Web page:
The resulting lutetium-nitrogen-hydrogen compound was initially a “lustrous bluish color,” the paper states. When the compound was then compressed in a diamond anvil cell, a “startling visual transformation” occurred: from blue to pink at the onset of superconductivity, and then to a bright red non-superconducting metallic state.

“It was a very bright red,” Dias says. “I was shocked to see colors of this intensity. We humorously suggested a code name for the material at this state—‘reddmatter’—after a material that Spock created in the popular 2009 Star Trek movie.” The code name stuck.

The 145,000 psi of pressure required to induce superconductivity is nearly two orders of magnitude lower than the previous low pressure created in Dias’s lab.

Predicting new superconducting materials with machine learning

With funding support from Dias’s National Science Foundation CAREER award and a grant from the US Department of Energy, his lab has now answered the question of whether superconducting material can exist at both ambient temperatures and pressures low enough for practical applications.

“A pathway to superconducting consumer electronics, energy transfer lines, transportation, and significant improvements of magnetic confinement for fusion are now a reality,” Dias says. “We believe we are now at the modern superconducting era.”

For example, Dias predicts that the nitrogen-doped lutetium hydride will greatly accelerate progress in developing tokamak machines to achieve fusion. Instead of using powerful, converging laser beams to implode a fuel pellet, tokamaks rely on strong magnetic fields emitted by a doughnut-shaped enclosure to trap, hold, and ignite super-heated plasmas. NDLH, which produces an “enormous magnetic field” at room temperatures, “will be a game-changer” for the emerging technology, Dias says.

Particularly exciting, according to Dias, is the possibility of training machine-learning algorithms with the accumulated data from superconducting experimentation in his lab to predict other possible superconducting materials—in effect, mixing and matching from thousands of possible combinations of rare earth metals, nitrogen, hydrogen, and carbon.

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“In day-to-day life we have many different metals we use for different applications, so we will also need different kinds of superconducting materials,” Dias says. “just like we use different metals for different applications, we need more ambient superconductors for different applications.”

Coauthor Keith Lawlor has already begun developing algorithms and making calculations using supercomputing resources available through the University of Rochester’s Center for Integrated Research Computing.

An upstate New York hub for superconducting materials?

Dias’s research group recently moved into a new, expanded lab on the third floor of Hopeman Hall on the River Campus. This is the first step in an ambitious plan to launch a degree-granting Center for Superconducting Innovation (CSI) at the University of Rochester, he says.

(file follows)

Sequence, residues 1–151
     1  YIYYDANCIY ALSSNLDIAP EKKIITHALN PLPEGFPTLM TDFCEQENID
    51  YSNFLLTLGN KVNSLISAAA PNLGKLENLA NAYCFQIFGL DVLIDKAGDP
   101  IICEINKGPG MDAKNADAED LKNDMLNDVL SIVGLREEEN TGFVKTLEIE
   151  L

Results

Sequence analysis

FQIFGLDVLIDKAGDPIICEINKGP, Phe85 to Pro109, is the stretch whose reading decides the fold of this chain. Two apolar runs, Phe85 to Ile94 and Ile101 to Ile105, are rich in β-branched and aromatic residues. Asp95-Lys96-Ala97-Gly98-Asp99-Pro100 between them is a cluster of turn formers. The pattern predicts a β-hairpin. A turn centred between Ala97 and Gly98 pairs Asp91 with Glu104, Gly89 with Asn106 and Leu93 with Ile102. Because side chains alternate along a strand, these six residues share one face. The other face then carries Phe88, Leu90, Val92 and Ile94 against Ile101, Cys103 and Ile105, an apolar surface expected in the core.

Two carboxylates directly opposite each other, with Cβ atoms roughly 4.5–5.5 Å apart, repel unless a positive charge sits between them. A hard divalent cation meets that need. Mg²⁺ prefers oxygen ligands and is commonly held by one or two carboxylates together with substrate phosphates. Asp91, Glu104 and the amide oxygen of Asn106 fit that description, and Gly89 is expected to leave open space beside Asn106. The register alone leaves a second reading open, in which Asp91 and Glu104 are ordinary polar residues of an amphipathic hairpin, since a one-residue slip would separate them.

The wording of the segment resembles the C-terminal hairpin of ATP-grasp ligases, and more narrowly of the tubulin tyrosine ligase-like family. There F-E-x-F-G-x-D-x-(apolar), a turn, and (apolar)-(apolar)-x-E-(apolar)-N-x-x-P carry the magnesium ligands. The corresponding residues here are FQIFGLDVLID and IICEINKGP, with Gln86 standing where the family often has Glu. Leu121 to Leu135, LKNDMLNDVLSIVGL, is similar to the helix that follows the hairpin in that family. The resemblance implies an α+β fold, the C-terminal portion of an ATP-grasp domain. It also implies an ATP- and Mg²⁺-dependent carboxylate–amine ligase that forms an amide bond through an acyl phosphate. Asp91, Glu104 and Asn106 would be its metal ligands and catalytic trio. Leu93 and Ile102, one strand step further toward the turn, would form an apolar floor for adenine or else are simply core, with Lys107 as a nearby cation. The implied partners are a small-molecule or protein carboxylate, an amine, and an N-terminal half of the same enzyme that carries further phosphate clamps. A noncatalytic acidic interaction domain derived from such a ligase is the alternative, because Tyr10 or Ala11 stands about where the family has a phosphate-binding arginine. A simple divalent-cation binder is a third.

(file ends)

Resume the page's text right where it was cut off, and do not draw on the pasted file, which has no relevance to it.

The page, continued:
The center would create an ecosystem for drawing additional faculty and scientists to the University to advance the science of superconductivity. The trained students would broaden the pool of researchers in the field.

“Our hope is to make upstate New York the hub for superconducting technology,” Dias says.

Reference: “Evidence of near-ambient superconductivity in a N-doped lutetium hydride” by Nathan Dasenbrock-Gammon, Elliot Snider, Raymond McBride, Hiranya Pasan, Dylan Durkee, Nugzari Khalvashi-Sutter, Sasanka Munasinghe, Sachith E. Dissanayake, Keith V. Lawler, Ashkan Salamat and Ranga P. Dias. 8 March 2023. Nature.
DOI: 10.1038/s41586-023-05742-0

Funding: National Science Foundation, DOE/US Department of Energy, Unearthly Materials Inc

7 Comments on "Scientists Create “Reddmatter” – Game-Changing Room-Temperature Superconductor"

  1. “Power grids that transmit electricity without the loss of up to 200 million megawatt hours (MWh) of the energy that now occurs due to resistance in the wires”

    “MWh” is a unit of energy and doesn’t make sense in this context. Do the grids lose this amount of energy each year, day, hour, minute, or what? A unit of power belongs here. If it were simply megawatts (“MW”) then it would make sense.

    • Power lost is dreiectly effected by the amount of distance you are trying to transmit power, the longer the conductor the more your voltage drops, so while it was confusingly worded it is still accurate

  2. So what? Significance?

  3. Fixed gravity for you. | March 12, 2023 at 3:12 pm | Reply

    “Dias’s team created a gas mixture of 99 percent hydrogen and one percent nitrogen, placed it in a reaction chamber with a pure sample of lutetium, and let the components react for two to three days at 392 degrees Fahrenheit.”

    Could be two, could be three, the variation is not helpful but it seems to be part of an attempt to appear helpful.

    The pink color maybe represents surface currents, maybe the resistance behaves like a surface coating of normal metal or maybe it disappears, it’s unclear and color appears to be superficial. If red means normal conductivity, pink could just be a superficial redness not representing superconductive surface currents.

    • Fixed gravity for you. | March 12, 2023 at 3:19 pm | Reply

      Superconducting surface currents are the basis for internal field exclusion called the “Meissner effect,” I guess. Normal surface-dominated currents are apparently characteristic of metals that can only partly shield the interior bulk of the metal, due to a lack of surface superconduction.

      • Fixed gravity for you. | March 12, 2023 at 3:35 pm | Reply

        Lutetium is apparently diamagnetic (a sort of natural metallic anti-magnetism, one could say), which is what I suspected. That just indicates the pink color may conceivably be natural diamagnetic surface currents in action.

  4. I have been knowledging the appreciable information about the reddmatter.